Lurie, after fighting losing battles with more sophisticated political foes in his hometown, is relieved to breathe lighter air. Still, Mayor Hammer did get Lurie to agree to invest from $30 million to $37.5 million of his own money in the ballpark and to pay for any construction cost overruns. Hammer proposes to raise the rest of the money through an increase—from 5% to 7%—in the city's utility tax, a move that does not sit well with a lot of the high-tech folks and other large manufacturers in San Jose, some of whom could see their utility bills increase by six figures. But Hammer, through vigorous schmoozing and a few agreed-upon tax breaks, has persuaded many of them to accept—in principle at least—that having the Giants in town would be worth the cost.
She hasn't won everyone over. T.J. Rodgers, 44-year-old CEO and founder of the Cypress Semiconductor Corporation and one of Silicon Valley's wunder-kinder, objects strenuously to "subsidizing a multimillionaire [Lurie] with a quarter-billion-dollar asset" at a time of economic recession in the valley. "We've got the Japanese in our face, and the mayor is running around with a baseball cap on her head," says Rodgers. "This is a terrible investment when we're losing jobs [Rodgers recently laid off 200 employees] and we don't have enough teachers and police. Lurie's no villain. He'd be a fool not to get the best deal he can. You look for suckers in these deals, which in today's world means government. San Jose is already a major league city in the eyes of most of the world. It's just that the mayor doesn't think so."
The city made its first step into big league sports last fall, when it became home—in name at least—to the San Jose Sharks, an NHL expansion franchise. Despite finishing with the league's worst record (17-57-5), the Sharks enjoyed a hugely successful first season, selling out all 40 of their home dates. Those games, however, were played at the Cow Palace in Daly City, which is in suburban San Francisco. The Cow Palace will be the Sharks' home until the San Jose Arena is finished in the fall of 1993. The arena, a state-of-the-art facility located downtown, is being funded primarily by the San Jose Redevelopment Agency, an arm of the city government, which is putting up about $125 million of public money. (The Sharks are kicking in about $18 million.) The voters in San Jose approved the construction of the arena in 1988—though the margin was narrow.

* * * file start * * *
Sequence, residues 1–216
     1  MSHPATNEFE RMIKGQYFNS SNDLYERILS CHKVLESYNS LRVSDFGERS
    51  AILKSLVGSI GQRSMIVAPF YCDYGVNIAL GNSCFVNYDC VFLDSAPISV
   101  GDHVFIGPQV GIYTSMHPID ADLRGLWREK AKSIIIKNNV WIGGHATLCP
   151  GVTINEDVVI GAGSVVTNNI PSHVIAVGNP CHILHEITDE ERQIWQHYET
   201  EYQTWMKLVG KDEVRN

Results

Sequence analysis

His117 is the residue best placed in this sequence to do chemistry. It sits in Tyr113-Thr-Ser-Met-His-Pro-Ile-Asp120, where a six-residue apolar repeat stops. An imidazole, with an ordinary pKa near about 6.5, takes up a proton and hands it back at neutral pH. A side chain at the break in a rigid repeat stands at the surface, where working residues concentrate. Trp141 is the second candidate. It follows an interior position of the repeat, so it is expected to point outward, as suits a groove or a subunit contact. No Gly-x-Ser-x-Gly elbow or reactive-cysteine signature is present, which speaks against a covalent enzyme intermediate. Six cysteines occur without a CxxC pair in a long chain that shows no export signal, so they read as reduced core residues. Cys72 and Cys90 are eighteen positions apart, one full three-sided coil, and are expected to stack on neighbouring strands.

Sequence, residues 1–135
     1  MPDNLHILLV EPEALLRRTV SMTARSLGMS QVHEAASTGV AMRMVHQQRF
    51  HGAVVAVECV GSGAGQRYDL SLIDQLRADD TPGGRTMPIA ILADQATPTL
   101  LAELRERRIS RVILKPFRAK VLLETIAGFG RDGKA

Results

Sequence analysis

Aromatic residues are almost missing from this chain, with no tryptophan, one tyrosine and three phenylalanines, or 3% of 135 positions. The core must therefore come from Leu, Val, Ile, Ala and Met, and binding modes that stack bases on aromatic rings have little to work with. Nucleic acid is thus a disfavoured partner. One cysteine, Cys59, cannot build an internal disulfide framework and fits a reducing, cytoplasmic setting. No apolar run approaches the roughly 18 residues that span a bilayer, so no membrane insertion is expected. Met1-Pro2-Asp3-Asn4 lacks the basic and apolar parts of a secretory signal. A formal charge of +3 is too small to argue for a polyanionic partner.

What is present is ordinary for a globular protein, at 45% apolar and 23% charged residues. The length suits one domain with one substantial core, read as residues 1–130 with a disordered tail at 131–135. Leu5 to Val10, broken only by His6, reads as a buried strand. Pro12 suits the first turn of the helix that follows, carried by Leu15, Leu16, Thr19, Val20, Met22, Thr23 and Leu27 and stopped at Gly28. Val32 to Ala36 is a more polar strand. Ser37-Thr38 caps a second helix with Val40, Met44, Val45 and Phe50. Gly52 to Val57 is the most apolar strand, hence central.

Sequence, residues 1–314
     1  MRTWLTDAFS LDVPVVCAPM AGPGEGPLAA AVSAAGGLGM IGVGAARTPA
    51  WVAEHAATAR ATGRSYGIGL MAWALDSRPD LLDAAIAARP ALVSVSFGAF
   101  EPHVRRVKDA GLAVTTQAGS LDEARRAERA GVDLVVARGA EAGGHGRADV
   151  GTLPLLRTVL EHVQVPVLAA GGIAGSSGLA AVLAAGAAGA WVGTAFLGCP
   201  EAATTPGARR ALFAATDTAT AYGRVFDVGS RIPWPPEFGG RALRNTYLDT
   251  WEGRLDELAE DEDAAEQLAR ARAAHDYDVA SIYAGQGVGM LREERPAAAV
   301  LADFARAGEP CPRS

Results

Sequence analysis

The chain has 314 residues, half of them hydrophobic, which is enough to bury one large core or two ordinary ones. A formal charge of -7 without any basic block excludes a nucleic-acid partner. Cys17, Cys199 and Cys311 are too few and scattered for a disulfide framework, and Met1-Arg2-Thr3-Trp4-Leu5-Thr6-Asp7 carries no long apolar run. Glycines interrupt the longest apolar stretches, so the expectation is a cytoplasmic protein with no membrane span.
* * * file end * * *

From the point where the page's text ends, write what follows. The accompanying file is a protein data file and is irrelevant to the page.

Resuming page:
And the vote will likely be close on Measure G as well. The measure needs only a simple majority to pass. Even if it does, Measure G almost certainly won't win by a two-thirds vote, which it must do to avoid a legal challenge by taxpayers as a violation of California's Proposition 13 tax restrictions. Prop 13 holds that tax increases for a special purpose must win by a two-thirds majority. But Hammer and stall have, in the words of another politician, "camouflaged the measure" by wording it to read that the stadium will be paid for out of "general funds"—general funds dramatically increased, of course, by the higher utility tax.
San Franciscans, meanwhile, observe with a jaundiced eye. Angela Alioto, a member of San Francisco's board of supervisors and the daughter of former Mayor Joe Alioto, has organized a committee to get another proposal for a ballpark on the ballot this November, convinced as she is that San Jose voters will defeat Measure G. Her newest proposal, like the one that was rejected in '89, would call for a stadium to be built at a downtown site.
Jack Davis, a San Francisco political consultant who is a notoriously tough electoral infighter, sees Lurie going down for a fourth time in next week's San Jose vote, and as far as he's concerned, hooray. "Bob Lurie is one of the cheapest bleeps to ever walk down the street," Davis says. "Here's a guy worth nearly $500 million [Forbes magazine, in its most recent listing of the richest Americans, places Lurie's worth at $480 million, most of it inherited wealth], and they want to build a ballpark for him. Public funds should not be used to build a ballpark. What's obscene to me is that taxing essentials—lighting the darkness, taking the chill out of a room, cooking a meal—would be used for this purpose. Bob Lurie should be ashamed of himself."
Davis, acting strictly on his own, he says, distributed 9,000 copies last week of a photograph of a noseless Lurie that will fit over a light switch, the switch occupying the cutout space where Lurie's nose would ordinarily be. FLIP OFF BOB LURIE, the message reads.
Many San Franciscans are more seriously disturbed by native son Lurie's threatened defection. "Losing the Giants would be like losing the symphony, the opera or the ballet," says Angela Alioto.
Says Ed Moose, a San Francisco restaurateur and veteran campaigner for a downtown ballpark, "It would be a disaster, an outrage. Should the Giants leave, the consequences to the spirit, the economy and the national image of San Francisco would be incalculable. Only when they're gone will we realize what a treasure we've so carelessly discarded."
Of course, if they do move, they wouldn't be moving very far, which is Lurie's point. He has always said that keeping the team in the Bay Area has been a top priority—just not in Candlestick Park. He has not, he insists, talked "even casually" to potential buyers from other cities, although he undoubtedly will if he loses in San Jose. Could someplace like St. Petersburg be in the Giants' future? Lurie says this time he's not crying wolf.